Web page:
- The most hated sector of 2012, utilities, will experience resurgence in enthusiasm as the worries of increased rates on dividends are quelled by a budget deal in Washington which would only impact the municipal bond investor rather than the utility widow, orphan and retiree crowd. If you want to play it via an index, look toward the Utilities Select Sector SPDR (XLU). For single stocks, try on one or more of the following: Consolidated Edison (ED) – 4.4% yield; Duke Energy (DUK) = 4.8% yield; Southern Company (SO) – 4.6% yield; or for the less risk adverse, Exelon (EXC) – 7.1% yield.
– Utilities staged a first quarter rally but then reclaimed its old form and got no love in 2013 as interest rates rose. The sector is likely to remain the red-headed stepchild in 2014
- The Pimco Total Return Fund (PTTRX) will experience net outflows and a decline in total return for investors. The net assets in the fund stood at $285 billion at the end of November 2012.
– The Pimco Total Return Fund net assets declined to about $244 billion. Pimco fund manager Bill Gross is still waiting for Dow Jones Industrials (DJIA) to hit 5,000. It now stands at nearly 16,500.
- There will be a big shakeup at Facebook (FB) but the finger will not be pointed at CEO Mark Zuckerberg or COO Sheryl K. Sandberg. Expect some heads to roll and the stock price to suffer.
– For the most part, Facebook had a few operational glitches in 2013 but took a backseat to Twitter (TWTR) which launched its initial public offering in the fourth quarter.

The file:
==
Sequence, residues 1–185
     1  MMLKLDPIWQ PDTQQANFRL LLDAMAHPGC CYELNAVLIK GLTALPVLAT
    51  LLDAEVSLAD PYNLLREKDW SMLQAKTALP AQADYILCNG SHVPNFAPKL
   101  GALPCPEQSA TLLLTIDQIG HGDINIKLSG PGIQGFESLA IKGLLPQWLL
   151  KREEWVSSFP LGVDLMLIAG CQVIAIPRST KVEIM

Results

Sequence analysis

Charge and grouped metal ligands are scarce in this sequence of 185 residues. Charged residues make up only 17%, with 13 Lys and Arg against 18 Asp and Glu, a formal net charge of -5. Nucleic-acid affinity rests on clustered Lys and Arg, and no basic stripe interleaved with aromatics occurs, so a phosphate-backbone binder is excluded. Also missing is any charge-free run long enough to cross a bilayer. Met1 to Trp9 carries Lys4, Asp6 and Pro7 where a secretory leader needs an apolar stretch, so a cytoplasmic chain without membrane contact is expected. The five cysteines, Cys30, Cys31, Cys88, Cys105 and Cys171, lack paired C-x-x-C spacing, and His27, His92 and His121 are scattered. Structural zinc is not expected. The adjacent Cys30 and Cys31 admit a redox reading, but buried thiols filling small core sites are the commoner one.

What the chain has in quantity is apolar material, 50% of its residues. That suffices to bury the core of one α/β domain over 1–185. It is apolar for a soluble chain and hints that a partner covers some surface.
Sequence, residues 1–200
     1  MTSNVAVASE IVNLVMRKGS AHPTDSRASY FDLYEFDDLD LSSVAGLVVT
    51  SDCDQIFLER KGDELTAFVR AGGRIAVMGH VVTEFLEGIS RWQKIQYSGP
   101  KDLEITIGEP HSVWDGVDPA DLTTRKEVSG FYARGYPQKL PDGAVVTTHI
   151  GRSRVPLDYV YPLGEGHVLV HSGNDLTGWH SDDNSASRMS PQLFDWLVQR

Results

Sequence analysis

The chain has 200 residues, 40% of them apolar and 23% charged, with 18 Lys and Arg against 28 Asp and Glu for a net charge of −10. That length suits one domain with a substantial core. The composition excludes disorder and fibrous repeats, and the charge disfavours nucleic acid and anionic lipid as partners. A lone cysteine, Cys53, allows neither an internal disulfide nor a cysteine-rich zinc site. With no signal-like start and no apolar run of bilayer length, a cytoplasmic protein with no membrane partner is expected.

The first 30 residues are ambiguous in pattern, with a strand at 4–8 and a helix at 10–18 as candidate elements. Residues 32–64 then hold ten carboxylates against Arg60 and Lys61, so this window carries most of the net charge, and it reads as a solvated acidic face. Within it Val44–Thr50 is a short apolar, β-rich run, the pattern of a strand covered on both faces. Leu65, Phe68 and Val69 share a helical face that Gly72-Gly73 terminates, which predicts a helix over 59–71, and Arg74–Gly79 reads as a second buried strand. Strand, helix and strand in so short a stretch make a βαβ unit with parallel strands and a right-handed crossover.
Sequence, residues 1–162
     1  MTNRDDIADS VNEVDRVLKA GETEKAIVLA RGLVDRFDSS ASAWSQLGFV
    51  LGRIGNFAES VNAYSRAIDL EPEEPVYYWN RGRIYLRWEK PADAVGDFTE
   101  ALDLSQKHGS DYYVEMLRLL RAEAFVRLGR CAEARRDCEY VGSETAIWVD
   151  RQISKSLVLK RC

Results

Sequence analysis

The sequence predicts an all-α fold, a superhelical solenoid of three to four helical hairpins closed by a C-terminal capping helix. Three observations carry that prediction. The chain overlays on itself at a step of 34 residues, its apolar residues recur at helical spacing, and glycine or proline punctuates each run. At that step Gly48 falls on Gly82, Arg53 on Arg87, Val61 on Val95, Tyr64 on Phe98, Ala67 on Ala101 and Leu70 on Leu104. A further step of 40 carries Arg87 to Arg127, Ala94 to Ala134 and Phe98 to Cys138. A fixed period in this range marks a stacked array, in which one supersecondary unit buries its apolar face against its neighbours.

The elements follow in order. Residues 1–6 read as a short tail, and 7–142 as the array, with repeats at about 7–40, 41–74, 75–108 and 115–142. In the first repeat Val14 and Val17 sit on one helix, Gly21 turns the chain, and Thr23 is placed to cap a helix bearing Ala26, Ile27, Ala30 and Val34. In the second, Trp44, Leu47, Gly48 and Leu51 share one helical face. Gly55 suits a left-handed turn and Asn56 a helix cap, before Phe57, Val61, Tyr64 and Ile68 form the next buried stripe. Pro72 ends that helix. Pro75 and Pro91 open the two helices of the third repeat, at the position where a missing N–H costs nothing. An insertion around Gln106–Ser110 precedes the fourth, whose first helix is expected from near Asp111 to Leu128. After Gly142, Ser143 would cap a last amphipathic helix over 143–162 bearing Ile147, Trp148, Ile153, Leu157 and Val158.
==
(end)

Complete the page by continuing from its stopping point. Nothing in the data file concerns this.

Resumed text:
- While SAC Capital Steven A. Cohen may have eluded prosecution for insider trading, the Securities & Exchange Commission under its new Chairman Elisse B. Walter will get aggressive with hedge funds. Walter’s SEC catches a big hedge fund fish that starts to spill the beans on the industry in order to avoid criminal prosecution and time behind bars. As a result, regulations are changed to eliminate or severely reduce performance fees that hedge funds may earn. The hedge fund industry sun begins to set.
– There was a major perp walk at SAC Capital. Steven A. Cohen continues to elude criminal indictment but his namesake company was not so fortunate.
On January 2, 2014 I will unveil My Gut Feeling for 2014. Until then, please accept my wishes for a very Happy and Healthy New Year.
Disclosure: At the time of this commentary Scott Rothbort, his family and/or clients of LakeView Asset Management, LLC was long ISL, ED, DUK, SO, EXC and TWTR stock — although positions can change at any time.